Lessons Learned For IT Operations Leaders From The Recent SolarWinds Cyberattack

On December 14, it was revealed that 18,000 organizations around the world downloaded network management tools containing a backdoor that was used to install malware in organizations that used the software from SolarWinds.

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The attacks hit the Department of Homeland Security, as well as the U.S. departments of Treasury and Commerce, parts of the Defense Department and the State Department, and National Institutes of Health.

Publications including The Washington Post and The New York Times cited unnamed government officials that said Cozy Bear, a hacking group believed to be part of the Russian Federal Security Service (FSB) was behind the compromises.

In response, The Cybersecurity Infrastructure and Security Agency issued an alert directing all federal agencies to disconnect SolarWinds products immediately. As a FireEye blog post noted, the campaign may have been going on for months, possibly since March 2020.

Founded in 1999, SolarWinds — which is also a Thoma Bravo company — is a familiar tool for IT operations and monitoring teams across enterprises of all sizes.

Despite the severity of this incident, there are steps that IT operations and monitoring teams can do to prevent similar cyberattacks. According to William White, Security and IT Director of BigPanda, the solution is choosing SaaS solutions instead of on-premises software such as SolarWinds.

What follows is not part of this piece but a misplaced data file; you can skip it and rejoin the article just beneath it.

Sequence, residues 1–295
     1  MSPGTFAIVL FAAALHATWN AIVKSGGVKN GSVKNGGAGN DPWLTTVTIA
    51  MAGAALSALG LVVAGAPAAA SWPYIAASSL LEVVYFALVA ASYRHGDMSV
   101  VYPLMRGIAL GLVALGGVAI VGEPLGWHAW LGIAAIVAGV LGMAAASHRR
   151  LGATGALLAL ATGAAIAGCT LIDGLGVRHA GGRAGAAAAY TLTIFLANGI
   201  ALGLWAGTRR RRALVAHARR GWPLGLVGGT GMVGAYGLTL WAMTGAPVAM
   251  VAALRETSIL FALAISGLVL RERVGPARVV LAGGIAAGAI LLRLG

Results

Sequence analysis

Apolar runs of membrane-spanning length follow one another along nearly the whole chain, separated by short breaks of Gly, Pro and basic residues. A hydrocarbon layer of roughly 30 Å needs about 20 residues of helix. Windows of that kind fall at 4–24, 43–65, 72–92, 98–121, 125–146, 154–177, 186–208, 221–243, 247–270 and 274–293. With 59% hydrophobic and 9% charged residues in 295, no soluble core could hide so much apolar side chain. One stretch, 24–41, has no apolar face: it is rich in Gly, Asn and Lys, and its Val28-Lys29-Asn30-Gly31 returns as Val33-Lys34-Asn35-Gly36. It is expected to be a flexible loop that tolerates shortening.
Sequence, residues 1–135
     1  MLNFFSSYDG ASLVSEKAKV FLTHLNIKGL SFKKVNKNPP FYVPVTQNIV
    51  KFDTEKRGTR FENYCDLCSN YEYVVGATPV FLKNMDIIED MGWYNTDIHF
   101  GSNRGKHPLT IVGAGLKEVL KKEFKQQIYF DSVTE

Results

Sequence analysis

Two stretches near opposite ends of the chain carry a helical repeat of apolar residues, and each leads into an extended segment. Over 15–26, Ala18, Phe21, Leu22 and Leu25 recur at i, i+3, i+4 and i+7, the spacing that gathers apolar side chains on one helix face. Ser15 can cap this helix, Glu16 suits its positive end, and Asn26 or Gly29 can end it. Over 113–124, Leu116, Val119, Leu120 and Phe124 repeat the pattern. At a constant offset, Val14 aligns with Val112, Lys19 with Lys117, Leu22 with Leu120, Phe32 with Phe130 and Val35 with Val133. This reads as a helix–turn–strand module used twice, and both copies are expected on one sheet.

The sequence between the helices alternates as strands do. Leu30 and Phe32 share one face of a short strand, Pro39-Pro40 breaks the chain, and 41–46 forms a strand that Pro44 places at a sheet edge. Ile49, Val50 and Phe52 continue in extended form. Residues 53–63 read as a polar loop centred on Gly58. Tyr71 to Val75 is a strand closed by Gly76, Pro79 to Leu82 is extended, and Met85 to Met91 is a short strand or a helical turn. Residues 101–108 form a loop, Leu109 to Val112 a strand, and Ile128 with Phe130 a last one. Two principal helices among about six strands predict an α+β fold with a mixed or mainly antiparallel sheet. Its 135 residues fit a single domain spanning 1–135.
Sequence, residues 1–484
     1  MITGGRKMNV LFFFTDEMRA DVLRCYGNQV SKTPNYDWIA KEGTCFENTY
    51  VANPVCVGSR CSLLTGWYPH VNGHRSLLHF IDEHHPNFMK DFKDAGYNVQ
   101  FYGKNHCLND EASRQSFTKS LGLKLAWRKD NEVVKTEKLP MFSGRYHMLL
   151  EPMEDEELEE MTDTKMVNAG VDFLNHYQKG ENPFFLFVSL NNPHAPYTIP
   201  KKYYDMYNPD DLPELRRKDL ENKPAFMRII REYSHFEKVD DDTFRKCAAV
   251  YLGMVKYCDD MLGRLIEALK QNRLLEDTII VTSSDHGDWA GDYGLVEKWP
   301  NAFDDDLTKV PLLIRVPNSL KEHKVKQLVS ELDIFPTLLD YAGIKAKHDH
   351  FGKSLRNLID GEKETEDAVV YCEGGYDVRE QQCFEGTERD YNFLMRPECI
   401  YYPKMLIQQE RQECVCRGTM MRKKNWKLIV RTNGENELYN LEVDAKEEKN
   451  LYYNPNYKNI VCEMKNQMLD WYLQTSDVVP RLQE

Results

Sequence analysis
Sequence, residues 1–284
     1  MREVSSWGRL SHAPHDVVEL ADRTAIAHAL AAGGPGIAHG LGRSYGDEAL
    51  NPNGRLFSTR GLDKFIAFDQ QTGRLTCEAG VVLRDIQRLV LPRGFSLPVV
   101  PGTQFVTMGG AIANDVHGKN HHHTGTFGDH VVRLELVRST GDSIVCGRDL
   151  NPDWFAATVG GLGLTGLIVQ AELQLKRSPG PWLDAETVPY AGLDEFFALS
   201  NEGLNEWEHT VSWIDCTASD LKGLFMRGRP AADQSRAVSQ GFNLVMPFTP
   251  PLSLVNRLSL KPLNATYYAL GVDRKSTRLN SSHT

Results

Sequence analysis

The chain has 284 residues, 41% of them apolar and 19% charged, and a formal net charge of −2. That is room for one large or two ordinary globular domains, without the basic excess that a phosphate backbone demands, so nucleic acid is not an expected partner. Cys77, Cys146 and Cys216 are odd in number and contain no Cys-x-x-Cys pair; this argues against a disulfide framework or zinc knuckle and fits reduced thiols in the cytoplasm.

For example, SaaS solutions can help retain control as you decide what data you send to the SaaS provider and there is no need to install software locally. SaaS-based software also eliminates the need to install complex third-party software and avoids the need to grant elevated permissions or highly privileged accounts for the software to run. These elevated permissions can create risks, and don’t exist with SaaS solutions.

SaaS-based software tools also remove the need to review vendor patches or hotfixes, and SaaS solutions mean businesses don’t have to exclude directories or policies from antivirus and anti-malware scans. This is how the SolarWinds exploit avoided detection, since the malicious code had a safe harbor to help it avoid detection.

SaaS-based software isn't just monitored and secure, but because the data is encrypted by default, customer information is often secure in the event of a hack.